At TEDxPANAJI 2020: Real life aspirational stories to catch up on… dentist-cum-bodybuilder Karishma Parker; thrilling rhythmic gymnastics performance; cancer survivor Ruby Ahluwalia of Sanjivani; in pursuit of medical inventions Dr Rajah Vijay Kumar; robotics dream boy 10-years-old Saipranav Gandhi…and audience gave well-deserved standing ovations to many of the speakers!
HONESTLY, there’s no dearth of ideas and inspiration to do a makeover in one’s life nowadays. All you have to do is attend one of the 400 odd TEDx shows around the world as franchisee events and come away with a bagful of ideas of how so and so and so and so grew up as a nobody but became a somebody through sheer grit, determination, lots of hard work and frustrations…above all perseverance. This is to say there were several remarkable stories recounted at the fourth edition of the TEDxPanaji presentation on Sunday, March 8, 2020, at the Kala Academy auditorium.
The TEDx shows invite a lot of attention and a lot of painstaking work goes into I am sure, some of the motivational speakers were from Goa but several from out of Goa. Funny how everyone says money is no solution to happiness but it is certainly a stepping stone to it, quite of contradictory no? I couldn’t stay for the whole show for it dragged on into the late evening although speakers were to speak no more than 18 minutes each…speakers after my own heart were cancer survivor Ruby Ahluwalia, a bureaucrat from Uttarakhand who spoke of her organization Sanjiveeni, who spoke of how every battle with cancer leaves the patient so exhausted, “but I’ve come out of it…free from cancer now.” Her journey with breast cancer was tough but she has been in remission or cancer free for the last ten years and life has become rewarding helping other cancer-stricken patients with Sanjiveeni. There are Sanjiveeni branches in 14 cities, 10 states, “we offer jobs to two lakh people!”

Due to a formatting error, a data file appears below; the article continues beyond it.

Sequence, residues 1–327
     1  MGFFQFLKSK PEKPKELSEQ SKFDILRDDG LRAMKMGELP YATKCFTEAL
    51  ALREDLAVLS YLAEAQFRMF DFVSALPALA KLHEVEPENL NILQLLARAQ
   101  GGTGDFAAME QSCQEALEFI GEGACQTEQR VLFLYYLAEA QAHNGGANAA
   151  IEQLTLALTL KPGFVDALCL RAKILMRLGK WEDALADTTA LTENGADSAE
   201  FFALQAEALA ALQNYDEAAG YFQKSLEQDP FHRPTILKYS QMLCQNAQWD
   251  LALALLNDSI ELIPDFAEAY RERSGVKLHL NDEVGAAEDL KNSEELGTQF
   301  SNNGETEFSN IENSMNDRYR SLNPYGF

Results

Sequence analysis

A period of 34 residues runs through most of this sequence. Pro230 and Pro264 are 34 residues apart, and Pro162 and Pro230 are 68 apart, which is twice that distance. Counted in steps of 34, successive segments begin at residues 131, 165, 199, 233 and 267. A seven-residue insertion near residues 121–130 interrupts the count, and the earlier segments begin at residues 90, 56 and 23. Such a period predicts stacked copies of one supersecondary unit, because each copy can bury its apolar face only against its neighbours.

To be free from cancer, she stressed, it is important to live healthy, minimize the “toxicity of a system we generate from inside us.” It’s a combo of things which gets us sooner or later…the water we drink, the food we eat (“which is not fresh, seasonal, raw, free of chemicals, preservatives, artificial flavors”), then the air we breathe, the kind of lifestyle we live, all add up and count. Ruby pertinently noted that “Our relationship with the environment is downright abusive!”
We have a tendency to overeat and all the “layers of undigested food create acidity and toxicity” – also, she advised everyone to alkalize their system and oxygen is the biggest alkalizer, there is no toxicity where there is oxygen, oxygen kills toxicity, “so breathe well.” She said, most times in emergency situations most of us are faced with fight or flee situations and fear determines this. Sanjiveeni helps cancer patients with information, making connections, “one patient we had was suicidal, we got her over her fears…and finally when she was cancer free she came and said, `Now I feel like dancing all the time!’” Cancer patients must know about right food, right time, right mental state to turn a negative narrative into a positive narrative…no, nobody said it is easy, but even in futile cases Sanjiveeni can help with such things as what to do to reduce pain and many other things. From the sound of it, if you’ve got cancer and are feeling defeated you can do with some timely Sanjiveeni help. Is there a Sanjiveeni in Goa, I forgot to find out.